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Cheap and easy food recipes

Photos by Tina Wallace

With midterms approaching, many students hardly find the time to make themselves something to eat, and it may have them spending more and getting less at fast food restaurants and cafés. However, with the right resources, students can not only save money but also get the required nutrients to help boost test performance and keep their tummies satisfied. Check out these simple recipes that can be easily modified to fit your tastes.

Yogurt ParfaitsSupplement_Parfait_TinaWallace

Blueberries, approx. $2 per carton
Cut strawberries, approx $2 per carton
Raspberries, approx $2 per carton
1 cup plain or vanilla yogurt, approx $4 per tub
½ cup crushed whole wheat cereal or granola, approx. $3 per box

Mix the above ingredients together in a bowl (or straight into the yogurt tub if you’re really hungry), stick a spoon in it, and shovel it into your mouth. Yogurt parfaits make for great study snacks and quick breakfasts before an early class. If you’re not into berries, they can easily be substituted for peaches, apples, bananas, or any fruit your heart desires. There are many yogurt flavours to try as well. Be quick when grocery stores have fruit on sale and chuck all of them in with your yogurt for an even cheaper price tag.

Yogurt parfaits also make for a great group study snack and look very appealing and professional when you layer the fruit, yogurt, and cereal in glasses instead of bowls.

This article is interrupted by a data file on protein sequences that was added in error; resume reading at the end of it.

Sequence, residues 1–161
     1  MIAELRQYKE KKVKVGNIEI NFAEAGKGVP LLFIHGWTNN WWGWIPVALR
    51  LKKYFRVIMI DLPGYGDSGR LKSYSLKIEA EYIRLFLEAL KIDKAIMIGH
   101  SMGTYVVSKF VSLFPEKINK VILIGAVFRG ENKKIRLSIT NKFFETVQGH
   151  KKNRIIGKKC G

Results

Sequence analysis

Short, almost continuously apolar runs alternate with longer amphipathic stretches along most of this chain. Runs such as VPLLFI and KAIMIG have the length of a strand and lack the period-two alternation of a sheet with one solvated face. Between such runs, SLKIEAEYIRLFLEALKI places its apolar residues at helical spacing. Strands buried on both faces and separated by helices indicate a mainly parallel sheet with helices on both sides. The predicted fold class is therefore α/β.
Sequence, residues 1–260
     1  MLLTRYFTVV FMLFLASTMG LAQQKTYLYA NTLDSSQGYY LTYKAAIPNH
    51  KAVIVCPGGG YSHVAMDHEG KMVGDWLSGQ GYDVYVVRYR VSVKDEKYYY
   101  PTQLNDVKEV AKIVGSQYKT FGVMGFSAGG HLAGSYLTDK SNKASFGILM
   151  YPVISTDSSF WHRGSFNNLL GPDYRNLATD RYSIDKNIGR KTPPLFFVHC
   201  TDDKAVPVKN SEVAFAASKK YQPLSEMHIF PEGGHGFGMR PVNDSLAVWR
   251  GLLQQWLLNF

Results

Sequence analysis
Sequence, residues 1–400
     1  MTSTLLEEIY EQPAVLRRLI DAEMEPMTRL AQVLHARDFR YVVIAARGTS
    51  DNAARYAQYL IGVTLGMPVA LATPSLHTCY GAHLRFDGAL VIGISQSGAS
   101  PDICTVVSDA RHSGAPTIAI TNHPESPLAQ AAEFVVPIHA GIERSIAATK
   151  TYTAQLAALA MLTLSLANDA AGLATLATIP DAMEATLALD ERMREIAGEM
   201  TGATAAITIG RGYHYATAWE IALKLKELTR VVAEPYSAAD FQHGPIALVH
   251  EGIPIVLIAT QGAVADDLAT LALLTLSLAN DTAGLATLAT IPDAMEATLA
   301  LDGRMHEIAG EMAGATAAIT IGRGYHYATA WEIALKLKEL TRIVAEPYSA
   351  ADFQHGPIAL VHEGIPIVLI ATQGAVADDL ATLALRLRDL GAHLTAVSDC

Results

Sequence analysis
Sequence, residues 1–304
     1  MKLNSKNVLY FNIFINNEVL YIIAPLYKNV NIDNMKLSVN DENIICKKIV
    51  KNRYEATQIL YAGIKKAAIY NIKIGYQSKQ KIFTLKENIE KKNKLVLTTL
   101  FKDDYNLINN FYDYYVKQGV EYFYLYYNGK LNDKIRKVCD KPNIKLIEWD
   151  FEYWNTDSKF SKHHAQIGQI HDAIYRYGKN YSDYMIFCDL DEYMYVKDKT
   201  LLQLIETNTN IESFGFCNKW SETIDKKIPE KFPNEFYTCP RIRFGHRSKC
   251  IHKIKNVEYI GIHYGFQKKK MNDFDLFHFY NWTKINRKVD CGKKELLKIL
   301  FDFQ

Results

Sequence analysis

There are  plenty of websites like canadianliving.com and
vegansociety.com—for vegetarians and vegans—that are great sources for easy and quick recipes to fill you up while you study.

Egg Salad

2 eggs, approx. $2.50 per half dozen
1 stalk minced or chopped celery, approx. $2 for a bunch
1/4 cup minced or chopped green onion, approx. $1 for a bunch
Mayonnaise, approx. $4 per jarSupplement_EggSalad_TinaWallace
Salt and pepper
Pinch cayenne pepper (optional)
Bread and/or crackers, approx. $3 per loaf

Fill a saucepan with water and carefully submerge eggs. Bring to a boil. Remove the saucepan from heat, cover, and let stand for 20 minutes. Then drain and chill the eggs in their shells under cold running water. Remove the shells and finely chop the eggs.

In a bowl, combine chopped eggs, celery, green onion, mayonnaise, salt and pepper, and cayenne. Mix thoroughly and spread on bread or crackers.

This salad is usually eaten as a sandwich or with a side of crackers, and can be enjoyed as either a full meal or a side snack. Even though it’s called egg salad, it is purely optional to use eggs, as the recipe can be made into tuna or salmon salad as well. And if you have leftovers from last night’s dinner, chicken works too.

Added together, the price totals about $13, but these are all items you can use in other recipes as well. Think eggs on toast or scrambled eggs with added green onion and cayenne pepper.